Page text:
Why is the Maze closing today ? (to be more precise, the name is moving - the venue name will continue downstairs at the Old Vic, otherwise known as Cabaret 2, a venue I know well, having organised stuff there myself. However, I can't walk home from there in 15 minutes after the last bus has gone and it's a less welcoming space) Because Tyne Mill is selling the place off to create yet more student accommodation. For more info, this is how the Nottingham Evening Post covered the story on Monday. Now, Nottingham is student city and I take part of the blame, since I work part time running a Creative Writing MA course for NTU, which has its main base in the city centre. But there's no shortage of places for students to live, whereas there is a shortage of great, intimate, music venues, especially such a historic one on my side of town.

So I call on Tyne Mill to change their mind (evidently they've not yet got a definite buyer, nor have they tried to flog the venue as a pub, as otherwise it would compete with their other pub on the same street). Failing that, I call on the City Council to reject planning permission for a change of use. If you want to help this campaign, you can write to the directors at "The Directors Mega Close Ltd, 120 North Sherwood Street, Nottingham, NG1 4EF" and the campaign can be emailed at Savethemaze(remove this bit)@aol.com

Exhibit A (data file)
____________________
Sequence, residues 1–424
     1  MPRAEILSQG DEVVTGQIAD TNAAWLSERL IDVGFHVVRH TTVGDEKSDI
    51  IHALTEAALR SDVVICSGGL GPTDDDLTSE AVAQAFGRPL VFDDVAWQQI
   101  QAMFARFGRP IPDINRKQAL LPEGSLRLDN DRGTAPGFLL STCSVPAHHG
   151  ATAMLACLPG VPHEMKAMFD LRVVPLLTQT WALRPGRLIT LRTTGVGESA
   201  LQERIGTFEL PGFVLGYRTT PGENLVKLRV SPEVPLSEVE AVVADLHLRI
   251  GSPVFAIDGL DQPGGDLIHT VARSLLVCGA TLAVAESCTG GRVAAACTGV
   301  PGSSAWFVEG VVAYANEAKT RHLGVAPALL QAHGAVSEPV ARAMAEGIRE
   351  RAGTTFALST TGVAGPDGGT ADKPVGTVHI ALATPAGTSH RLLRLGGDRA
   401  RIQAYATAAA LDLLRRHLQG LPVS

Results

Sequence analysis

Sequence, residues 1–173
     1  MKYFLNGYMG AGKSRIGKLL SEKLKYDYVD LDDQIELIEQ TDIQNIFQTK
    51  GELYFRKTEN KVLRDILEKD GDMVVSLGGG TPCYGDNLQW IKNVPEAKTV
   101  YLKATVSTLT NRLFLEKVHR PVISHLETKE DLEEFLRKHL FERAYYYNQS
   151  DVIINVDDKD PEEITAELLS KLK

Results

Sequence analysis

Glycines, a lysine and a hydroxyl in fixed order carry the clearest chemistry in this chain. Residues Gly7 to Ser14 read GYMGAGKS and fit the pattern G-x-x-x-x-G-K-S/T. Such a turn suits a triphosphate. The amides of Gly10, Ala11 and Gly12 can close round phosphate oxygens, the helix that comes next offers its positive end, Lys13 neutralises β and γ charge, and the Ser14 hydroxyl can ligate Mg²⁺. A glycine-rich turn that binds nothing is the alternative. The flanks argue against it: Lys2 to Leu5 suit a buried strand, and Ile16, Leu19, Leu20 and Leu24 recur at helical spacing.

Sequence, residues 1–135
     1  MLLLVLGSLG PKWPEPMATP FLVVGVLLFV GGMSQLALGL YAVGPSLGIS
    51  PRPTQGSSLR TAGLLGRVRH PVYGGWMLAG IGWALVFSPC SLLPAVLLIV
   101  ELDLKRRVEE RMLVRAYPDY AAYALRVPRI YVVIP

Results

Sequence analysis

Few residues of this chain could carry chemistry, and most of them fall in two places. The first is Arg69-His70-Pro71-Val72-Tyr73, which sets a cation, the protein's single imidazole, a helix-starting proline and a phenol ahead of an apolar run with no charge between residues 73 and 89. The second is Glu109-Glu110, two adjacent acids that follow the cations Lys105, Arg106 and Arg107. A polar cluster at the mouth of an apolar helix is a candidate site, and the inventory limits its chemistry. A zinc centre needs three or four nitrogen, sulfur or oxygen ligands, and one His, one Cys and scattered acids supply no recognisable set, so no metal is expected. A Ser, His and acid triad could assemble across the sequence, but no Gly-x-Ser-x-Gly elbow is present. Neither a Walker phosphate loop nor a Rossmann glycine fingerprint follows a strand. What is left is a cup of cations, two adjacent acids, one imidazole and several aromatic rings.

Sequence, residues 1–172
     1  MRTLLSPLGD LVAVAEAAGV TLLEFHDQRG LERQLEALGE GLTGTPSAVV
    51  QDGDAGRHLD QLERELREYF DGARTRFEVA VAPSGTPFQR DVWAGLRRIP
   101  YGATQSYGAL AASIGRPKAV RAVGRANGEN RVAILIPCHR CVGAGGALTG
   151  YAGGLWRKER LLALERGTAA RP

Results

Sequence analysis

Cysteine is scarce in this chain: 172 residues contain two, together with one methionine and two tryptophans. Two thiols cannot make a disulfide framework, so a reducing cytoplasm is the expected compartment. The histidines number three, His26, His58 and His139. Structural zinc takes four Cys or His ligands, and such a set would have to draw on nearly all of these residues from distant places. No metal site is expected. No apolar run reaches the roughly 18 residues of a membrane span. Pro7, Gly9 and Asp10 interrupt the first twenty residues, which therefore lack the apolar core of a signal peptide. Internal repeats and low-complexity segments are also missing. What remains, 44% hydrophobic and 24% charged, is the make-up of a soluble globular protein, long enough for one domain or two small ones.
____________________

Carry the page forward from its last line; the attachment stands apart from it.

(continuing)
Update - March 7th Mega Close Ltd (the company that were planning to turn the Forest Tavern into student flats) have pulled out of the deal. This is largely due to letters of objection to the development, coverage in the press – letters written to the Nottingham Evening post have been a great help (whether or not they were published_ and objections to Mega Close's plans to turn the property next door into student flats. So is there anyone out there willing to buy the place and reopen it as a pub and venue?